LDS “Handbook 2” online
November 30, 2010 - experience
The Church of Jesus Christ of Latter Day Saints has put volume 2 of their “Handbook” on the web. This has already produced some interesting media content. For example, the Huffington Post reports “the Church of Jesus Christ of Latter-day Saints takes no stand on drinking Coca-Cola.” This suggests one of the immediate effects of making this document available is the conflation of the “document” with “the church” and therefore with “the religion” at least in this media source. It is worth asking what the differences are between this textual “Handbook” and LDS faith as a “religion on the ground” in terms of how the faith is practiced by individuals and communities – and what kinds of variations exist between doctrinal ideology, practice, policy, the “Handbook” and lived religion.
Alexander Soucy explores how “performances of authority, primarily through language, relate to the larger context of religious studies” noting that ”the tradition of the academic study of religion has historically been white, male, and biased toward textual traditions or the textual aspects within traditions“ (2009, p.352). Soucy suggests that by continuing this trend “we uncritically accept” and lend “authority to elite male modes of religious practice while either ignoring or devaluing practices associated with women or other marginalized groups” (Soucy 2009, p.352).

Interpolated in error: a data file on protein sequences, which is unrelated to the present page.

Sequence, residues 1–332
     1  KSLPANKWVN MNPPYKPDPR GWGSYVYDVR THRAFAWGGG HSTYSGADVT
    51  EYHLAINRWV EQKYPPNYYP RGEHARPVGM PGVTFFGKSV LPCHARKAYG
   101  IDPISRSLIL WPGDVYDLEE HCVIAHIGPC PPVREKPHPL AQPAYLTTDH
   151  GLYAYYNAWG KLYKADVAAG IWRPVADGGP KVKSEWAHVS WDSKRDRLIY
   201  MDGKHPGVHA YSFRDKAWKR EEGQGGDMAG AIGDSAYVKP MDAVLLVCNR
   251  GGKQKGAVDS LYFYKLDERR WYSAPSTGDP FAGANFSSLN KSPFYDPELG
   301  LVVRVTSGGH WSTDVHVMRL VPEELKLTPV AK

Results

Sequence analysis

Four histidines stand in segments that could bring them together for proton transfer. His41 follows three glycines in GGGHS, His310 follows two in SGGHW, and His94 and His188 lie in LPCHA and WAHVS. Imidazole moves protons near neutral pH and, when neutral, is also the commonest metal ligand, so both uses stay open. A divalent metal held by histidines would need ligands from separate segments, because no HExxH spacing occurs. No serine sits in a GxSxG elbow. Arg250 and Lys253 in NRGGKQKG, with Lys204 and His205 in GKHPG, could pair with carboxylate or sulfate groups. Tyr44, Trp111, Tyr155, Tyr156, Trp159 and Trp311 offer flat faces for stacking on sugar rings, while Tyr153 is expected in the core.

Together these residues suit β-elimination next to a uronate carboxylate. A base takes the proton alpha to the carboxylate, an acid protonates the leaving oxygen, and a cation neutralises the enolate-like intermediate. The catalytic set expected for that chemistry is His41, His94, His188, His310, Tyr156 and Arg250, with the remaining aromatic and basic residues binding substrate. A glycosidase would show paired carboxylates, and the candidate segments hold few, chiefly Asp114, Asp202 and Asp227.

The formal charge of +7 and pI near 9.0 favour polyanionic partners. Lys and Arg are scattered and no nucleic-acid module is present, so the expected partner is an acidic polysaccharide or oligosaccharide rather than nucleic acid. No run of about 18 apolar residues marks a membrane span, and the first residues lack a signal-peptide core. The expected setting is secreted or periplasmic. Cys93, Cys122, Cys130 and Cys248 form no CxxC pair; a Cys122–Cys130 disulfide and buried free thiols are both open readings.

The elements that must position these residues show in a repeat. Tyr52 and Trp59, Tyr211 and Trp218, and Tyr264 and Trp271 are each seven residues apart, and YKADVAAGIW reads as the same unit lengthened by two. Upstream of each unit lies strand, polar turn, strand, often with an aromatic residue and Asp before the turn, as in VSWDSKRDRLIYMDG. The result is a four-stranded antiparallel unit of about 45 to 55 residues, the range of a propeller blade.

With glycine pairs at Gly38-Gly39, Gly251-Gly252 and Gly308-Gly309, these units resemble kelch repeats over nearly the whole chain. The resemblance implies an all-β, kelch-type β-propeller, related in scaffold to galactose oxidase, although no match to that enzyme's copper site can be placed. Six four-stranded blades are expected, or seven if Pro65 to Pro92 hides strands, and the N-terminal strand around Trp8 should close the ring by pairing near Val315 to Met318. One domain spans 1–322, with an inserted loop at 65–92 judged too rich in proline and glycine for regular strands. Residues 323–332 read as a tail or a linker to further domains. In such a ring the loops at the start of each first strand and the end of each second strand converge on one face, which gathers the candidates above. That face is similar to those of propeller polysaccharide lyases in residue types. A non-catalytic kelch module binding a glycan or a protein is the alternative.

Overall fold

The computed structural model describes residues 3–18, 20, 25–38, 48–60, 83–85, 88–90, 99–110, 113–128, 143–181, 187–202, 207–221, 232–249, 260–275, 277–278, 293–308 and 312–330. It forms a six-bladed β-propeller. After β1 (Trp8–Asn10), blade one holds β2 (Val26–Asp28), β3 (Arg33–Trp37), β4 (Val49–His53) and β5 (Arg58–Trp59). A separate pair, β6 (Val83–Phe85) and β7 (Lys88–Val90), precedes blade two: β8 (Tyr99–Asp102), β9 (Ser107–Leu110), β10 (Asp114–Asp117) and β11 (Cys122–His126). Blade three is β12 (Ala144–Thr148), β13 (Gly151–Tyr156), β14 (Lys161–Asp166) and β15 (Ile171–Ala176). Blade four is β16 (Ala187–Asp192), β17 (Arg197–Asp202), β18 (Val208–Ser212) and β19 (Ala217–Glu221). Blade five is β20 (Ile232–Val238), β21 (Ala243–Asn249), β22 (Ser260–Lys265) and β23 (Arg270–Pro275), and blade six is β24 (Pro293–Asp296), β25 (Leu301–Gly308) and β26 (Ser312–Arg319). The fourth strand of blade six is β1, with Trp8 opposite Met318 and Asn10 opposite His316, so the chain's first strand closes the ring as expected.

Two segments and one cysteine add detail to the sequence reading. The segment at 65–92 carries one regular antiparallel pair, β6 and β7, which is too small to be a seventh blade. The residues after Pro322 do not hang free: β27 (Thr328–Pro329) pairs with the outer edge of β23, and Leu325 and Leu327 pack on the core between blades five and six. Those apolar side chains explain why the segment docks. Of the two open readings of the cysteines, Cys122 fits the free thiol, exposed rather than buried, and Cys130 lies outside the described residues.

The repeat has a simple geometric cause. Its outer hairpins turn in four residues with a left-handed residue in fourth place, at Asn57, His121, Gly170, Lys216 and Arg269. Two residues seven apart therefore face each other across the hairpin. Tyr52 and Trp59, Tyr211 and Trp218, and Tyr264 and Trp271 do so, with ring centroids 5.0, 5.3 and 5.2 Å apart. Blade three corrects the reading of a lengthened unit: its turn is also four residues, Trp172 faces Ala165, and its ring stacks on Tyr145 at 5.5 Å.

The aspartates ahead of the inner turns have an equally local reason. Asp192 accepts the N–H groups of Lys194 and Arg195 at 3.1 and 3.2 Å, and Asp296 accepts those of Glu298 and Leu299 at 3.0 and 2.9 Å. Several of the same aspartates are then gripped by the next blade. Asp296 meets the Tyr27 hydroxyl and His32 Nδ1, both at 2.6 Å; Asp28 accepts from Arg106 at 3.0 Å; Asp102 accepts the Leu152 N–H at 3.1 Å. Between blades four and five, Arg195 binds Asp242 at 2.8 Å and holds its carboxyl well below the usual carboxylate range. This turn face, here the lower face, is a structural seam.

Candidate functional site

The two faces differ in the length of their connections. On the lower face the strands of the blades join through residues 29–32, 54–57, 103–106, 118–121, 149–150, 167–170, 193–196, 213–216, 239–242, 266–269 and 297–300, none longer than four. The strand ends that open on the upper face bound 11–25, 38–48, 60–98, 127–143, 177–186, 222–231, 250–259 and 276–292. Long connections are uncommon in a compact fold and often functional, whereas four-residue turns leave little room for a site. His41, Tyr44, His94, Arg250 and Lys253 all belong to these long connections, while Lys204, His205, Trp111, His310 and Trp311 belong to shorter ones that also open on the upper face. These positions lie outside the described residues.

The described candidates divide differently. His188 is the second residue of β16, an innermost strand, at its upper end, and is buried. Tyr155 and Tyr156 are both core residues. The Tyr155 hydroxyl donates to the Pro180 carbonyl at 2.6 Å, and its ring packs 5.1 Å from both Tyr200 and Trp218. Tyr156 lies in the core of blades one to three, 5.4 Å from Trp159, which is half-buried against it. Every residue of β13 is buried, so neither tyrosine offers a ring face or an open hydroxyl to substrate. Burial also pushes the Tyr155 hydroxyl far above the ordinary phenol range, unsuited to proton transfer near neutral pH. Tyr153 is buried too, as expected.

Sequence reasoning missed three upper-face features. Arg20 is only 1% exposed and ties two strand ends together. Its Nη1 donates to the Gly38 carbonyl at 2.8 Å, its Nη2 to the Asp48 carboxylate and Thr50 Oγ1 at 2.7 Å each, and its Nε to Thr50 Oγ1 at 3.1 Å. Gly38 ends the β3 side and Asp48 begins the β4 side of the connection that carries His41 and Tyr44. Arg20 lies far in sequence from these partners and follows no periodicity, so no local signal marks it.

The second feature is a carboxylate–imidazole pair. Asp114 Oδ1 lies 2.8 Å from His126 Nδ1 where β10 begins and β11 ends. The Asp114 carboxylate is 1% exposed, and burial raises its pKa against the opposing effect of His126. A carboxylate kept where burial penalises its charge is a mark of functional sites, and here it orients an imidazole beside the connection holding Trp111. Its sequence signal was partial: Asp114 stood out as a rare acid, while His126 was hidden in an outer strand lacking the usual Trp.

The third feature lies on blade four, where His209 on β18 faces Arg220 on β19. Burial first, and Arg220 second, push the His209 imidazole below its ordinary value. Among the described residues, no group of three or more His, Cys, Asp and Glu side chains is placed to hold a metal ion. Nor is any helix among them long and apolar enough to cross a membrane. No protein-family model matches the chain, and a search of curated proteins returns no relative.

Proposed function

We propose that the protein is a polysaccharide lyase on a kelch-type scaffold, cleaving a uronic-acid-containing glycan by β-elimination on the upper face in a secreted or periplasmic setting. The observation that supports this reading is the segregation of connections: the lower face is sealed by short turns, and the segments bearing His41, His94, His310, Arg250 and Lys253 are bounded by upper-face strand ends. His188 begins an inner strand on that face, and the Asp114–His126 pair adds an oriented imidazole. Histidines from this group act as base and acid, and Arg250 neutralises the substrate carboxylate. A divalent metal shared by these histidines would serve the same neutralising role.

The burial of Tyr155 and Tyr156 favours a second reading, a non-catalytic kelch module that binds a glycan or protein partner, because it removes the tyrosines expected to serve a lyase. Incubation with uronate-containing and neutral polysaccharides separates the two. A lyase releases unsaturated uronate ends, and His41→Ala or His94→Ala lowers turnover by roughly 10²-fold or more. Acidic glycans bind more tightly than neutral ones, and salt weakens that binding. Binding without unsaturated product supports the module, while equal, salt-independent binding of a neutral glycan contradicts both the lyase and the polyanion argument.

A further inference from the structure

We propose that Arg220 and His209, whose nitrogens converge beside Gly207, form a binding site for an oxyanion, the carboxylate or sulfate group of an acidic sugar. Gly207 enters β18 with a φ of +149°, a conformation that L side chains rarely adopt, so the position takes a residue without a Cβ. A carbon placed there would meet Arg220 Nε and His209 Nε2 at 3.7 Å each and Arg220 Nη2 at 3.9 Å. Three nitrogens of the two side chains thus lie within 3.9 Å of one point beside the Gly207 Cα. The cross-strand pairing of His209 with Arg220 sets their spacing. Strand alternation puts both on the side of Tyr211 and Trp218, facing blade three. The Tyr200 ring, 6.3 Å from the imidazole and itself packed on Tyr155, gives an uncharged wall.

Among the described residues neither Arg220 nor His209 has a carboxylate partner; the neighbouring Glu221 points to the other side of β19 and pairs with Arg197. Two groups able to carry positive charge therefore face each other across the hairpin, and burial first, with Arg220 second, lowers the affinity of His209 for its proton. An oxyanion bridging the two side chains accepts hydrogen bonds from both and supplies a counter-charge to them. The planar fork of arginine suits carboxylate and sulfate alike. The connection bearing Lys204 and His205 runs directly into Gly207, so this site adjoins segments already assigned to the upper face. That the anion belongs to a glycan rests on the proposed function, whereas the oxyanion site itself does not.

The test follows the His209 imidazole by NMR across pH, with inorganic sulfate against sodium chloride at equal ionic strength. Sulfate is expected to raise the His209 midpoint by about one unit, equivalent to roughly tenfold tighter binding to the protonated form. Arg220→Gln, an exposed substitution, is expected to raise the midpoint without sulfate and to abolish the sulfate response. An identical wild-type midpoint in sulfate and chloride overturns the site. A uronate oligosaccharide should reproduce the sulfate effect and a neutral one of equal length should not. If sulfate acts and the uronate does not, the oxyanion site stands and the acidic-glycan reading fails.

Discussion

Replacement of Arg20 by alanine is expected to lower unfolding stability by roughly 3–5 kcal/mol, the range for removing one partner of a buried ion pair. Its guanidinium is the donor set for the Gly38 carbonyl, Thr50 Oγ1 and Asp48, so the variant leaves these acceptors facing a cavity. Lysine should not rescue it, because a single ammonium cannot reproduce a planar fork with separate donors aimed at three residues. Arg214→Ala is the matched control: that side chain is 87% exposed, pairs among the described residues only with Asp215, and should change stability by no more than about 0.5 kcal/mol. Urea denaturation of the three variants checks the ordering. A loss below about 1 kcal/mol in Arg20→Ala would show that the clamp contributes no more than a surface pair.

The LDS community inhabited by my childhood friends, for example, may not have had a “policy” on Coca-Cola, or caffeinated beverages, but the “Mormon” culture of the region practiced abstention from consumption of caffeine, in at least most cases. And this abstention was linked, by practitioners to their faith.
Of course, this document does provide a vital resource for understanding the bureaucratic structures of the church and how the institution defines itself and its members in terms of titles, policies and practices. For example, on which version or translation of the Bible to use, the handbook advises: “The most reliable way to measure the accuracy of any biblical translation is not by comparing different texts, but by comparison with the Book of Mormon and modern-day revelations” (21.1.7). The handbook also includes a section on the internet about which it says “When carefully used, the Internet can help coordinate the work of the Church, strengthen faith, and minister to the needs of others” (21.1.22).
The Table of Contents for the Handbook:
1. Families and the Church in God’s Plan
2. Priesthood Principles
3. Leadership in the Church of Jesus Christ
4. The Ward Council
5. The Work of Salvation in the Ward and Stake
6. Welfare Principles and Leadership
7. Melchizedek Priesthood
8. Aaronic Priesthood
9. Relief Society
10. Young Women
12. Sunday School
15. Stake Organization
16. Single Members
17. Uniformity and Adaptation
18. Meetings in the Church
19. Callings in the Church
20. Priesthood Ordinances and Blessings
21. Selected Church Policies and Guidelines
Appendix: List of Items Referenced
Soucy, A. (2009). Language, Orthodoxy, and Performances of Authority in # Vietnamese Buddhism. Journal of the American Academy of Religion, # lfp017.